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Some people with dementia become more confused, anxious or restless in the late afternoon or early evening.

This is sometimes called “sundowning”. When it happens, the person may:

  • become more demanding, upset or suspicious
  • find it harder to concentrate or pay attention to things
  • see, hear or believe things that aren’t real
  • believe they’re in the wrong place, and want to “go home” or “find Mum”
  • become more impulsive.

These are some common causes, and some things you can try if someone close to you with dementia experiences restlessness in the afternoon.

Causes of restlessness in the afternoon

It’s not clear exactly what causes restlessness in the afternoon. However, it seems to occur as a result of changes in the brain caused by dementia.

There are a few things that can lead to afternoon restlessness:

  • tiredness or lack of sleep
  • feeling uncomfortable, hungry or needing to go to the toilet
  • a change in routine
  • a lack of light or daytime noises, which can make it harder for the person to know where they are
  • a need for security, particularly for people in later stages of dementia.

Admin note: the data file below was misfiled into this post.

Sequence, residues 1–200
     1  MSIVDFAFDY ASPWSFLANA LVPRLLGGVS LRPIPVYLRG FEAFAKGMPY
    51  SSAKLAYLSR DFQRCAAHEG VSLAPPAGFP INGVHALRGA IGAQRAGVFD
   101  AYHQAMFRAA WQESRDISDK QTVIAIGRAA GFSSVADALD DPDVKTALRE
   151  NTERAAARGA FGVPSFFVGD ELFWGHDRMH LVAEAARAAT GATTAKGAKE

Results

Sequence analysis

What you can do

If someone close to you with dementia is restless in the afternoon, there are things you can do to help.

Planning the day

  • Try to schedule activities in the morning, and use afternoons for relaxing.
  • If tiredness is making the person’s restlessness worse, encourage them to have a rest after lunch.
  • If baths or showers are upsetting, plan them for the early afternoon. If they are soothing, however, time them so they happen just before bedtime.
  • Try to limit sweets and caffeine in the afternoon and evening.

Helpful activities

  • Create a familiar evening routine, such as closing the curtains, helping prepare dinner and setting the table.
  • Find activities that are comforting to the person. These could include a favourite hobby, cuddling a pet or soft toy, singing familiar songs or having a drink of warm milk.
  • Go for a walk outdoors or provide them with a safe place to pace.

A comforting environment

  • Provide plenty of natural light.
  • Turn bright lights down, and reduce noise from TVs and radios.

Their doctor can also help identify health issues that might be contributing to the restlessness, and check whether any medications might be having an impact. They may be able to reduce the restlessness by making changes to the time or dose of the medication.

It’s okay to take care of your own health and happiness. If you're struggling as someone who cares for a person with dementia, contact the free, confidential National Dementia Helpline on 1800 100 500, any time of the day or night, for information, advice and support.

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Last updated
15 December 2023